Like The Queen
Whatever happens to strike my fancy, but surely some sort of fiber content.

4 Comments:

Thank you Bess, you dear one. I'm going to make a list, too, because your side trip was so inspiring!

By Blogger Jane, at 6:01 AM  

OMG! Thank you for this.

By Anonymous Williams Gade, at 10:48 AM  

Happy New Year Bess! I knew when I met you at The Yarn Lounge with Jane, that I would want to grow up to be your "English friend". Now I know I was right. I may have to move to Essex County along with Jane! Never stop "waxing poetic" as you do it so well.

By Anonymous Isobel, at 7:04 AM  

How I love the "Vintage Queen" posts.
And a hearty "Yes!! Yes!!" to your Clara & Jennifer & KR pals section. Ditto to the EZ & MS ones too.
Happy 2006, sweets.
XOXO

By Blogger Martha, at 6:42 PM  

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Sunday, January 01, 2006  

Warning - This post is vintage Queen - it goes on forever.

Happy New Year! Happy 365 days of a fresh calendar. Happy smooth spaces to build new structures in your life. Happy winter snowfalls, spring showers, summer thunderstorms and autumn rains. Happy blossoms. Happy harvests. Happy warm loving embraces. Happy good-byes to bad relationships. Happy energizing work. Happy snoozy rests. And most of all, Happy Fiber Fun to you all.

Since this is a knitting blog - or at least a fiber blog - I have given some thought to the first post of 2006; especially since my NYR won’t be ready till mid-month. And on that note, it’s future looks happy and bright because MsHoroscope assures all Virgos that:

If you can plan to do ‘it’ between January 13 and 18, you have the stars on your side.

I’ll try to schedule everything for Friday the 13th. It seems so appropriate for what I hope will be a devilishly funny event.

But January 1 isn’t just for planning ahead. It’s a sweet time to look back and I have been looking back all weekend, to the people who have made the most impact on me as a fiber femme. Some were teachers, some merely exemplars, some catalysts. All of them have added richly to my fiber skills, my creative eye and my sensual pleasure. In chronological order I’d like to list some people who have had a hand in making TheQueen.

Mama:

In the end, all things go back to Mama, who instilled phenomenal chutzpah and confidence in me. By example, she led the way into so many artistic realms. She always believed that if someone else had done it, so could she. And if she could do it, so could I. She never once in 53 years, told me to not try, or that it might be hard, or I might fail. What’s hard? Just a little more effort - a little more time. I am sure I also inherited her dexterous fingers. I only wish I’d inherited her eye for line and her glory with a water color brush. But that "give it a go" mind set was the greatest gift a mother could bestow and she gave constantly, generously.

Kenny Mayes:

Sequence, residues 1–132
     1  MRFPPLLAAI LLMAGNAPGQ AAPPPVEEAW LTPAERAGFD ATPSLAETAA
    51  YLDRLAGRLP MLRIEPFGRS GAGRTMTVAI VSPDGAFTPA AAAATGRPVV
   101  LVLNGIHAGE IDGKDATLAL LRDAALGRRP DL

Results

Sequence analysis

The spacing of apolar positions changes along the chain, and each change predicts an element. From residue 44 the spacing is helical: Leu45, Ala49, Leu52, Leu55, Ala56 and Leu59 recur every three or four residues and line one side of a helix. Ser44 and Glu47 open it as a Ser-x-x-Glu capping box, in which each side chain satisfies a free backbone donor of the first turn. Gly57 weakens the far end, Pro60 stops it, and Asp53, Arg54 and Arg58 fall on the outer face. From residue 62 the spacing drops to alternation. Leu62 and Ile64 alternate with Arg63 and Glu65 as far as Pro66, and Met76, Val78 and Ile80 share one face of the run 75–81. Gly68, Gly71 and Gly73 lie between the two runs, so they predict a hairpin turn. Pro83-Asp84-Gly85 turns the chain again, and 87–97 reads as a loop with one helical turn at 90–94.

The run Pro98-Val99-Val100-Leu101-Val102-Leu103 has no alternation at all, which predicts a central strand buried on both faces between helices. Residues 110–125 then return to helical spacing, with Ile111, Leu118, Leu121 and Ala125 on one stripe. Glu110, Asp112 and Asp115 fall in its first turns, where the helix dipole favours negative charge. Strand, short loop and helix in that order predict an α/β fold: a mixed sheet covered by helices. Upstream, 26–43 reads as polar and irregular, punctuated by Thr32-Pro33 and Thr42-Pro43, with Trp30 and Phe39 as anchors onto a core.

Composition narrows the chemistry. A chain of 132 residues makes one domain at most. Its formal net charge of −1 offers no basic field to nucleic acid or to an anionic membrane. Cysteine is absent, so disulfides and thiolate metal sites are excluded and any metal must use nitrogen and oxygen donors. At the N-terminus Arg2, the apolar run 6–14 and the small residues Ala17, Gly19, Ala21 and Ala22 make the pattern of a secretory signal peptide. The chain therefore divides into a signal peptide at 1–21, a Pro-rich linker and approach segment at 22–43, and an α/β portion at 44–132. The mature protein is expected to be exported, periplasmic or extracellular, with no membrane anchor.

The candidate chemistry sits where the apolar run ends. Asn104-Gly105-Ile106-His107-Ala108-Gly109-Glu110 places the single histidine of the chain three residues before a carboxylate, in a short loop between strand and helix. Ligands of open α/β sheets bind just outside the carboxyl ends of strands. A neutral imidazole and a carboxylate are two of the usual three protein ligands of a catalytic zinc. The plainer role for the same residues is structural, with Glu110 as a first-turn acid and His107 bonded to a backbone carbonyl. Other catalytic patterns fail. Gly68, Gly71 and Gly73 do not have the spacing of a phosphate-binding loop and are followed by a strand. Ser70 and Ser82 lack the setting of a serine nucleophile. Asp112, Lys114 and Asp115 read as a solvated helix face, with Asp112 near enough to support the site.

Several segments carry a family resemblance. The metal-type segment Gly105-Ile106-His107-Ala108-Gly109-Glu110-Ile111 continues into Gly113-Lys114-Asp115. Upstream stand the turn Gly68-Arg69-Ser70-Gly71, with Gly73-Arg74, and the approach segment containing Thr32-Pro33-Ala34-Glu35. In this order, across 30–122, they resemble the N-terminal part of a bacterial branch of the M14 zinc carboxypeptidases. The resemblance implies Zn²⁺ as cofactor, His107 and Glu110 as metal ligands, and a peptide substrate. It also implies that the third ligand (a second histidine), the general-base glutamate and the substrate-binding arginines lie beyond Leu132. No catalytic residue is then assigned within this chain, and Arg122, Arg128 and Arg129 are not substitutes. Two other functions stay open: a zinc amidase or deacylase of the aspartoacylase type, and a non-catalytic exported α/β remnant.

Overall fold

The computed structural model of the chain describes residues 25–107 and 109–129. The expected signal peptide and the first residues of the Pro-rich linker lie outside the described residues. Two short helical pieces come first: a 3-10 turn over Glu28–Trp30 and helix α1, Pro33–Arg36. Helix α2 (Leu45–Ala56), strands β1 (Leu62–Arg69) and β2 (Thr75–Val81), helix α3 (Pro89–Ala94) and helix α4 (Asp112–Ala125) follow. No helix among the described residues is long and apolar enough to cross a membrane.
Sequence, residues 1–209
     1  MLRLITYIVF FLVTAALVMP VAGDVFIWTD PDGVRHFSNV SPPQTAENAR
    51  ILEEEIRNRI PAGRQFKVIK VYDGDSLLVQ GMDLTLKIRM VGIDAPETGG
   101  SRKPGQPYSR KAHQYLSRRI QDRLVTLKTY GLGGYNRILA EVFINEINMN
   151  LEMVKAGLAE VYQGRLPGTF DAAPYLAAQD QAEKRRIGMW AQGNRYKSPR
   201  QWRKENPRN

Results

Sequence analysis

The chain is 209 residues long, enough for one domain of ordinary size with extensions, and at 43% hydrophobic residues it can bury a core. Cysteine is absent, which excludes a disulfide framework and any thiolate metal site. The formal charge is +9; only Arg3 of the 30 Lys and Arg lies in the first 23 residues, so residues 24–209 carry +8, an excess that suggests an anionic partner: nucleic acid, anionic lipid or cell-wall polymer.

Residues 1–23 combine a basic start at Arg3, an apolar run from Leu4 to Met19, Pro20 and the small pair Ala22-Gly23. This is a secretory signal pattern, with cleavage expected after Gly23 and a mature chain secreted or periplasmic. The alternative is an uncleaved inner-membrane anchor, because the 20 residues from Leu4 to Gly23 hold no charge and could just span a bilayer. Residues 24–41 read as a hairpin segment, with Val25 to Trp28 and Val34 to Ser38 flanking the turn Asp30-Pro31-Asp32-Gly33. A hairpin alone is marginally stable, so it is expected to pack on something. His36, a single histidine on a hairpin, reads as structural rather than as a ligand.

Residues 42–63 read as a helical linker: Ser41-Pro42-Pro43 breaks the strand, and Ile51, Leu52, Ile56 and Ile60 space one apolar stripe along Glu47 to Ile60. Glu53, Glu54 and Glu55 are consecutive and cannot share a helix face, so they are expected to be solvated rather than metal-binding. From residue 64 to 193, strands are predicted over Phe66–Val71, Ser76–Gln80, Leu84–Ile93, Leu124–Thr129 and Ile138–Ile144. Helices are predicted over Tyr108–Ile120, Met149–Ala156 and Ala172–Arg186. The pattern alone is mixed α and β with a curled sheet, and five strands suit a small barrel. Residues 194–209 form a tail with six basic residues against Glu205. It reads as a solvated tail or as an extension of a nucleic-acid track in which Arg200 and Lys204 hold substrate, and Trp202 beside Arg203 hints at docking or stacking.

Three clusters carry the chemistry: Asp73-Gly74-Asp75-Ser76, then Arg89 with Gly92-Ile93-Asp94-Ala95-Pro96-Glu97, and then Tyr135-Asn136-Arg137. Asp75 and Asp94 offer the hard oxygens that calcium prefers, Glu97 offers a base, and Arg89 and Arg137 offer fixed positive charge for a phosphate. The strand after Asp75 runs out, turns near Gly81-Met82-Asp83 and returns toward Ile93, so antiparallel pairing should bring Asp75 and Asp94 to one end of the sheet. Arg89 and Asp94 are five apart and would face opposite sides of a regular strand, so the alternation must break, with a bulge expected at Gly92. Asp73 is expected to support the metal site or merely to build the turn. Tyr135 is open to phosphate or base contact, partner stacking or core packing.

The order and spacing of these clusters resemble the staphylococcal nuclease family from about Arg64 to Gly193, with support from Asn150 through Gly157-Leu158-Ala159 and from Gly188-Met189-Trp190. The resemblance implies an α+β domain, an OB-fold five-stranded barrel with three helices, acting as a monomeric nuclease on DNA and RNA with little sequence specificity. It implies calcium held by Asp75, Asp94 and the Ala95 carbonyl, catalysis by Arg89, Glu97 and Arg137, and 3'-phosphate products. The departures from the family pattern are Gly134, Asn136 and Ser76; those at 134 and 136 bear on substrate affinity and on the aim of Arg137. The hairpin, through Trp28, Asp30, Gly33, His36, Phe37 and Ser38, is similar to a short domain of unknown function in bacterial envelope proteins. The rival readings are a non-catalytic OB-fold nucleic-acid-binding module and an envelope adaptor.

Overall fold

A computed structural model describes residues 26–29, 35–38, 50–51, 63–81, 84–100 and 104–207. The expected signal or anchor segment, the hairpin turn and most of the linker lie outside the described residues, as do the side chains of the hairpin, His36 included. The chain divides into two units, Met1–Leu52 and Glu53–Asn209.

For he is the boy who admired a sweater I was wearing waaaaaaaaaaaay back in 1969 - so long ago it sounds like a joke. And who asked me to knit him one. And selected a Norwegian ski sweater, paid $20 for the yarn, pattern and needles and blithely went off to college in the smug confidence that I would make him look like Jean Claude Killy. He was the opportunity for me to learn how to manipulate knit and purl stitches, tangle stranded colorwork and create a monster landscape of exploding stars, de-horned reindeer and toppled Christmas trees, all out of woolen seersucker. He wasn’t even a boyfriend, but the curse is so strong that after the humiliating afternoon when I shoved the wad of blue and white wool into his hands, I never saw him again.

A stranger - or a computer program - who knows?

But somehow I got on the Patternworks mailing list, the old Patternworks up in New York, and had my eyes opened to all the new and wondrous yarns that were on the market. I couldn’t believe I’d:

#1. spend $43 on a skein of eyelash yarn. I don’t even remember what it was - maybe something from Prism or Trendsetter - but it was shiveringly gorgeous, arrestingly new and the ball band said you could knit a scarf out of only one skein. Of course I didn’t’ pop for the pattern so

#2. I didn’t believe you could knit a scarf on just 11 stitches even if you were using size 13 needles. But after ripping out the fun-fur place mat and the fun-fur diaper, I finally got a very curly fun fur scarf out of it. A sort of been through the wash looking fun fur scarf - but remember - this was in 1998, so I was way ahead of the curve.

That catalog is what got me hankering to knit again after swearing off it 20 years before. I’d worn the pages thin drooling over merinos and silks and sparkly stuff. And when I had finally knit a whole sweater with some yarn I had in the attic - I bought my first New Sweater Yarn from that catalog. It became BD’s first and only sweater.

Maggie Righetti:

Who taught me three important things. First - people in the south do knit - even as far south as Atlanta GA! Sheesh! Whoda’ thought? Second - There’s something you can do about big chests and stomach crawl in sweaters. It’s called Short Row Bust Darts and I will love that woman forever for that knowledge. Even if her calculations came from the math department at MIT - she gave me hope and that was enough. I understood the concept if I didn’t see how to do the math. Besides, knitting is like cooking - it’s adaptable and stretchy.